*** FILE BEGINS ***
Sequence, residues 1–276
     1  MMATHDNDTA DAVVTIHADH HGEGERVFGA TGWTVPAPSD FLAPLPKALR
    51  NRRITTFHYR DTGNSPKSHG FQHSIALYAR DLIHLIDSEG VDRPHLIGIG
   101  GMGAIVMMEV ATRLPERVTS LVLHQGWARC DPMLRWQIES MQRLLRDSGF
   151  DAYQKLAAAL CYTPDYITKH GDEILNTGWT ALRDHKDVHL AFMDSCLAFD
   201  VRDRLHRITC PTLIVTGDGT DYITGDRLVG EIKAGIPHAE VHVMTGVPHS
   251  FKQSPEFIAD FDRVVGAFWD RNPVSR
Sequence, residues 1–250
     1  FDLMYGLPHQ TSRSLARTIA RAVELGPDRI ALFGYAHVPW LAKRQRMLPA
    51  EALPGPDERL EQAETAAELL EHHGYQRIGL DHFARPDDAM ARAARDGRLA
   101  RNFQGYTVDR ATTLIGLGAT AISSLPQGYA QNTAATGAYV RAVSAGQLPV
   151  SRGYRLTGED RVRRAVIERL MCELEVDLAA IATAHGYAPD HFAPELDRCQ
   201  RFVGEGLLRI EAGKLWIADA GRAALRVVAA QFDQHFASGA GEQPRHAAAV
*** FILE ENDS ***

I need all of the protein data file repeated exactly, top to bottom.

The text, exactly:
Sequence, residues 1–276
     1  MMATHDNDTA DAVVTIHADH HGEGERVFGA TGWTVPAPSD FLAPLPKALR
    51  NRRITTFHYR DTGNSPKSHG FQHSIALYAR DLIHLIDSEG VDRPHLIGIG
   101  GMGAIVMMEV ATRLPERVTS LVLHQGWARC DPMLRWQIES MQRLLRDSGF
   151  DAYQKLAAAL CYTPDYITKH GDEILNTGWT ALRDHKDVHL AFMDSCLAFD
   201  VRDRLHRITC PTLIVTGDGT DYITGDRLVG EIKAGIPHAE VHVMTGVPHS
   251  FKQSPEFIAD FDRVVGAFWD RNPVSR
Sequence, residues 1–250
     1  FDLMYGLPHQ TSRSLARTIA RAVELGPDRI ALFGYAHVPW LAKRQRMLPA
    51  EALPGPDERL EQAETAAELL EHHGYQRIGL DHFARPDDAM ARAARDGRLA
   101  RNFQGYTVDR ATTLIGLGAT AISSLPQGYA QNTAATGAYV RAVSAGQLPV
   151  SRGYRLTGED RVRRAVIERL MCELEVDLAA IATAHGYAPD HFAPELDRCQ
   201  RFVGEGLLRI EAGKLWIADA GRAALRVVAA QFDQHFASGA GEQPRHAAAV